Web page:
By W.A. Wijewardena –
Irrational reaction of Homo sapiens
It seems that the genetic code of modern Homo sapiens is not different from that of other species. The latter is guided not by thinking but by instincts. Similarly, Homo sapiens is still embedded with the ‘gene of fear’ that compels it to ‘fight or flight’ when faced with fear-stricken situations. That emotion is necessary for safety and survival. But in the modern world, Homo sapiens who is called ‘man the wise’ does not have to resort to either course without subjecting the source of fear to a critical inquiry.
This irrational behaviour of Homo sapiens led psychologist Herbert Simon, a Nobel laureate in economics, to coin the term ‘bounded rationality’ to describe it. According to him, Homo sapiens is rational within the boundary of ‘information, time and brain power available’, no matter what improved education, counselling or mentoring he may have got.
Later, another Nobel laureate in economics, Daniel Kahneman, made a startling revelation about why we make appropriate judgments fast on some occasions and slow on others. He attributed it to ‘biases of intuition’. That is, we allow ourselves to be guided by our own over-confidence in beliefs, impressions and intuitive knowledge rather than rational thinking. We believe that we are correct even when we have made wrong judgments.
This deficiency of ours is being used by politicians, religious leaders, marketers and many more to herd and lead us. We do not think that we have been victims, but firmly believe that we have been correctly guided. This weakness of Homo sapiens has been the source of all financial manias, panics and crashes in the history, as documented by Economist Charles Kindleberger, in a book under the same title.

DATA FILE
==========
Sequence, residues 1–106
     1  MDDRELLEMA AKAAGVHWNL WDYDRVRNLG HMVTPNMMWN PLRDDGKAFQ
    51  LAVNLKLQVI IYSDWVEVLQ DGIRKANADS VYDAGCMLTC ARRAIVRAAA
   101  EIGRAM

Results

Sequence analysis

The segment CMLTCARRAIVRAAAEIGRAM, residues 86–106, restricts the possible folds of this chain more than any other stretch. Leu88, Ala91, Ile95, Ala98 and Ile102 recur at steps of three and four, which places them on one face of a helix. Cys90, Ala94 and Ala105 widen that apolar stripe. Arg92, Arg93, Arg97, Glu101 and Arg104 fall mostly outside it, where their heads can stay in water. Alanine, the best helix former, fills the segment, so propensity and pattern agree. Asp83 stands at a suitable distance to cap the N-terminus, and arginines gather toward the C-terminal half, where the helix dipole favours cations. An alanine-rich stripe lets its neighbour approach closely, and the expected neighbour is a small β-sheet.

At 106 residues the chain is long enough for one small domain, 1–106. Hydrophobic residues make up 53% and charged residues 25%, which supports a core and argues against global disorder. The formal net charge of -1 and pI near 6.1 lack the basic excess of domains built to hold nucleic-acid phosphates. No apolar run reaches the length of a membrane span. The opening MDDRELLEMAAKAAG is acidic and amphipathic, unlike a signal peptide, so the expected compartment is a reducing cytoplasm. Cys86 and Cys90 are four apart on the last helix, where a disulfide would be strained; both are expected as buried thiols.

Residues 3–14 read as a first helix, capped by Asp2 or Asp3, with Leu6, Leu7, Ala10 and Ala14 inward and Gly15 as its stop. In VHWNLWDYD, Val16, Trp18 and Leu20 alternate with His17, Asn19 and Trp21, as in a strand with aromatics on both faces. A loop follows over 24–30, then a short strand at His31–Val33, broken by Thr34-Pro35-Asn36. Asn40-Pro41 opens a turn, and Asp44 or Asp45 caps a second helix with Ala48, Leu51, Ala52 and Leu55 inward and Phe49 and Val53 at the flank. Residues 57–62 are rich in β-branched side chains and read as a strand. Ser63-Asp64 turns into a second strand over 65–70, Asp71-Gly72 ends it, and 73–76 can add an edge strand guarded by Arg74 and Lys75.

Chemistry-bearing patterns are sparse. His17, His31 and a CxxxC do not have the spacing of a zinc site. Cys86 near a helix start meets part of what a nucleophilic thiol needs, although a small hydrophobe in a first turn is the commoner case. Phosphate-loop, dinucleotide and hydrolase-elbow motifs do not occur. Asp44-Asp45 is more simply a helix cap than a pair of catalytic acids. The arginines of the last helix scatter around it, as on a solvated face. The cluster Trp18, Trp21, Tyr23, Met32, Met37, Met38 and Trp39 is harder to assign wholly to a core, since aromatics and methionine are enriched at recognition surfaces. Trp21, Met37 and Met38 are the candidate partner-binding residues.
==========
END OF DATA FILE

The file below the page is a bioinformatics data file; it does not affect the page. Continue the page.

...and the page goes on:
An isolated ATM skimming
The reaction of Sri Lankans last week when a few Automated Teller Machines or ATMs operated by a few commercial banks came under attack by some criminal elements was testimony to this irrational behaviour.
The modus operandi used by these elements, nicknamed as ATM skimming, is second only to a James Bond movie full of weird-looking, intelligence-gathering high-tech gadgets. To withdraw monies fraudulently from a customer’s account, one needs to have the details embedded in the ATM card and the customer’s personal identification number or PIN. To capture the former, they had stealthily fitted a card-reading electronic device to the ATM’s card slot. To learn of the PIN, a secret camera had been mounted just above the keyboard of selected ATMs. Then, monies had been withdrawn from the customers’ accounts by using a duplicate card cloned by embedding the information so copied.